Page last updated at 20:33 GMT, Wednesday, 5 November 2008

Blears attacks political bloggers

Hazel Blears
Hazel Blears is a former local government lawyer

Political blogs are fuelling a culture of cynicism about politics, communities secretary Hazel Blears has claimed.

Ms Blears also attacked the "deeply unhealthy" number of government jobs given to career politicians with little experience beyond Westminster.

In a speech she said a new generation of working-class politicians was needed such as Labour's Dennis Skinner and Conservative maverick David Davis.

One blogger suggested political spin was more to blame for voters' cynicism.

In a speech on political disengagement to the Hansard Society Ms Blears, who had a career as a local government solicitor before becoming a politician, complained that some Westminster colleagues live on "planet politics" and lacked real-life experience.

'Narrow base'

"Increasingly we have seen a 'transmission belt' from university activist, MPs' researcher, think-tank staffer, special adviser, to Member of Parliament and ultimately to the front bench."

She said the political class should not be drawn from a "narrowing social base" but from a range of backgrounds such as business, the armed forces, scientists and teachers.

And more MPs were needed who knew "what it is to worry about the rent collector's knock, or the fear of lay-off, so that the decisions we take reflect the realities people face."

We need more MPs in Parliament from a wider pool of backgrounds
Hazel Blears

"In short, we need more Dennis Skinners, more David Davis's, more David Blunketts in the front line of politics," she said - calling on parties and trade unions to actively recruit them.

She called for a new programme to help people in ordinary jobs to win nominations for elected positions.

James Purnell, David Miliband and his brother Ed are among several younger cabinet ministers to have followed a career path that has included spells as ministerial advisers and think tank researchers.

'Corrosive cynicism'

The Conservative and Liberal Democrat leaders David Cameron and Nick Clegg also spent time as advisers to politicians among other jobs.

In her speech, Ms Blears also complained about a "spreading corrosive cynicism" in political discussion.

She turned her fire on political "bloggers" - accusing them of fuelling disengagement by focusing on "unearthing scandals, conspiracies and perceived hypocrisy" and of being written by "people with disdain for the political system and politicians".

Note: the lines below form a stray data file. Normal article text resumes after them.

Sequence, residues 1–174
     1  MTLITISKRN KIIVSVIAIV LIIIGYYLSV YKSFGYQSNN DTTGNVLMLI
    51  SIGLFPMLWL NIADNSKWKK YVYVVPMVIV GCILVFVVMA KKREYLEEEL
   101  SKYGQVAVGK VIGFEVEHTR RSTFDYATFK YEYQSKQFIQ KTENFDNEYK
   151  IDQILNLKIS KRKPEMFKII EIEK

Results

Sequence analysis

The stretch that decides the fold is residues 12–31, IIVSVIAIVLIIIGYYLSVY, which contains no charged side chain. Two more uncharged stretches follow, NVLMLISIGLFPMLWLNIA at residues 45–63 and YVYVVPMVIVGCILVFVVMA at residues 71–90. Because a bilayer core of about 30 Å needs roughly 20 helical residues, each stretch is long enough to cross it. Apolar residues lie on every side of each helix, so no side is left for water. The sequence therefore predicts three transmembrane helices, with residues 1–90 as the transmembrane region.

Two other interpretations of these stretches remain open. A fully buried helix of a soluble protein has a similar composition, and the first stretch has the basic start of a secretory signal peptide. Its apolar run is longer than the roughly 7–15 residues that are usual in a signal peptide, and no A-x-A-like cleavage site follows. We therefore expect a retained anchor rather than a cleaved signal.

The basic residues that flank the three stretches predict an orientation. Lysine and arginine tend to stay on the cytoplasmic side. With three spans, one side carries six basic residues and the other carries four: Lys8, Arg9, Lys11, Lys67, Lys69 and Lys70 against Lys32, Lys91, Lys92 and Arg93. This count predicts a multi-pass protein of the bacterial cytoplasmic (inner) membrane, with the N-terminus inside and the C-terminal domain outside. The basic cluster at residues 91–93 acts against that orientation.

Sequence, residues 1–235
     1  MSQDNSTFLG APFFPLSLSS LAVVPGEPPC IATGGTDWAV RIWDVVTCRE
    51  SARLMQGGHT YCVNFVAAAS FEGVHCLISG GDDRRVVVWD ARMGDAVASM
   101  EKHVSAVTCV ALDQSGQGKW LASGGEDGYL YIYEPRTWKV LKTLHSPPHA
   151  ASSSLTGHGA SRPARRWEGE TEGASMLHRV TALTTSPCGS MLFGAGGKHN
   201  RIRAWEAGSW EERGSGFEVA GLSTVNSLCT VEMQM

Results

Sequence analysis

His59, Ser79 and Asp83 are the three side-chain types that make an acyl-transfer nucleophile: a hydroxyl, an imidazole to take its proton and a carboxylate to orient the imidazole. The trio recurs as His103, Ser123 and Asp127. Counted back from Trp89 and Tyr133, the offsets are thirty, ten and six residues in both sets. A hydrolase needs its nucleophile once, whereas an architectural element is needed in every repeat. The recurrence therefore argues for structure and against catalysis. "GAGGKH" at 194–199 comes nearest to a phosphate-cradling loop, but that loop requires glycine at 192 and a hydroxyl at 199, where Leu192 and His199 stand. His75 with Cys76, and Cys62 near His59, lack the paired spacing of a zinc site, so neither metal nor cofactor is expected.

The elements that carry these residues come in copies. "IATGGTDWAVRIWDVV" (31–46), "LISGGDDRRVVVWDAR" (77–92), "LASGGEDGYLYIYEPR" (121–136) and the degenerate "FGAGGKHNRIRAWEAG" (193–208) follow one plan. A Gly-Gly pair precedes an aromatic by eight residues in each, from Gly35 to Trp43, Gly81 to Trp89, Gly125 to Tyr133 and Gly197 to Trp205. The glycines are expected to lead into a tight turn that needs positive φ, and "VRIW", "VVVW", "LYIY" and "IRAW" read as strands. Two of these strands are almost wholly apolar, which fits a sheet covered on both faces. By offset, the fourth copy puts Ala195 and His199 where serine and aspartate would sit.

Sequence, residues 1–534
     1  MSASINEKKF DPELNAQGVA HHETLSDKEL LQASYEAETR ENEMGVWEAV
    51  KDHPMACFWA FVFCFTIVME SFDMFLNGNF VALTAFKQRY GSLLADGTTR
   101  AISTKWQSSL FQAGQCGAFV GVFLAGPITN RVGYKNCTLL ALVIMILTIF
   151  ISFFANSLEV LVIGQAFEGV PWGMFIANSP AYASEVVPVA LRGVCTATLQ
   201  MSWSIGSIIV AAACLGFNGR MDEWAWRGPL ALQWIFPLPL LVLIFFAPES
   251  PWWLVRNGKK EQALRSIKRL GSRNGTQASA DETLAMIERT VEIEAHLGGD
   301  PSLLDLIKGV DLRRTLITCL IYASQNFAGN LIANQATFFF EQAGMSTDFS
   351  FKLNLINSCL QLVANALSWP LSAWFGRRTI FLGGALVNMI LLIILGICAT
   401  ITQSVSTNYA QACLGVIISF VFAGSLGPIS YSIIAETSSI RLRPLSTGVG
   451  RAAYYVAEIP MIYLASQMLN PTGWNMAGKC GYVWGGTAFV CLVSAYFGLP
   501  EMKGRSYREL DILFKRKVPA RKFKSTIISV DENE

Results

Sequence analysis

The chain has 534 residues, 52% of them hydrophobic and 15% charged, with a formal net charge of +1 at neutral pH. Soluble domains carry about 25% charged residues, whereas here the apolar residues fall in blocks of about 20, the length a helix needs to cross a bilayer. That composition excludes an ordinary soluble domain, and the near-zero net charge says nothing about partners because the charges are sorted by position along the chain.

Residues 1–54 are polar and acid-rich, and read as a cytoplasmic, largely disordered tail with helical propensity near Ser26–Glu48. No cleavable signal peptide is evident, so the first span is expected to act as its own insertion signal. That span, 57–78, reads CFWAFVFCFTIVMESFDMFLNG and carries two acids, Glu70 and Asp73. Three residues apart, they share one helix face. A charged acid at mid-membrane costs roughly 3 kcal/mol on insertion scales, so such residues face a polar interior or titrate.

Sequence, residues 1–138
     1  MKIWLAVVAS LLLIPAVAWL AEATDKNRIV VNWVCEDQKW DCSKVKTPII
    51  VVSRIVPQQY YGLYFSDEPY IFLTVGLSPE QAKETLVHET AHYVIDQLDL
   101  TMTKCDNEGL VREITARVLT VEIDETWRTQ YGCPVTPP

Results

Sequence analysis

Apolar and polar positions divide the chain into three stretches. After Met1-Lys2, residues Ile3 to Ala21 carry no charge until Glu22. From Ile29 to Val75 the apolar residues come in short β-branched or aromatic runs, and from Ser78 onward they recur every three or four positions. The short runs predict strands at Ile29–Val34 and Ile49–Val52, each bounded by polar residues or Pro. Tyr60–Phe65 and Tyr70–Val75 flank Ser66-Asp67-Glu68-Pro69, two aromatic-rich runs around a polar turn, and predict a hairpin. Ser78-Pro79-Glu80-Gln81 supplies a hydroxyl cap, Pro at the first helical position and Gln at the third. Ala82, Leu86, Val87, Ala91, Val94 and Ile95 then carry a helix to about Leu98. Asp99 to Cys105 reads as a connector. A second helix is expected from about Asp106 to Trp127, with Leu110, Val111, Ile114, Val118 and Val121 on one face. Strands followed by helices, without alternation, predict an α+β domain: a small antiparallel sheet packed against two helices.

We are not here to 'add value', or do what politicians want
Guido Fawkes blog

"The most popular blogs are right-wing, ranging from the considered Tory views of Iain Dale, to the vicious nihilism of Guido Fawkes," she said.

But she added: "Unless and until political blogging 'adds value' to our political culture, by allowing new and disparate voices, ideas and legitimate protest and challenge, and until the mainstream media reports politics in a calmer, more responsible manner, it will continue to fuel a culture of cynicism and pessimism."

Conservative blogger Iain Dale told BBC Radio 4's PM programme it was a shame more politicians did not use their own blogs.

'People like scandal'

He said bloggers, including himself, should ask themselves whether they were "just against everything" or should be "a little more positive".

But he added: "People like reading about scandal, they like reading about politicians being hypocritical - that's why Guido Fawkes has the highest ratings of any blog in the country - whether Hazel likes it or not."

In response on his blog Guido Fawkes blamed spin, "focus-group derived policies" and partisan positioning for the cynicism described by Ms Blears.

He added that she misunderstood the relationship between a free press and politicians.

"Take a memo Ms Blears, we are not here to 'add value', or do what politicians want, Guido has his own values and aims to hit back at political hypocrisy and lies. Politicians make laws, so they should be held to account, to a higher standard," he wrote.

Ms Blears told the BBC that politicians not giving straight answers could be an issue, but said a "grown up political discourse" could only happen if people were prepared to listen.



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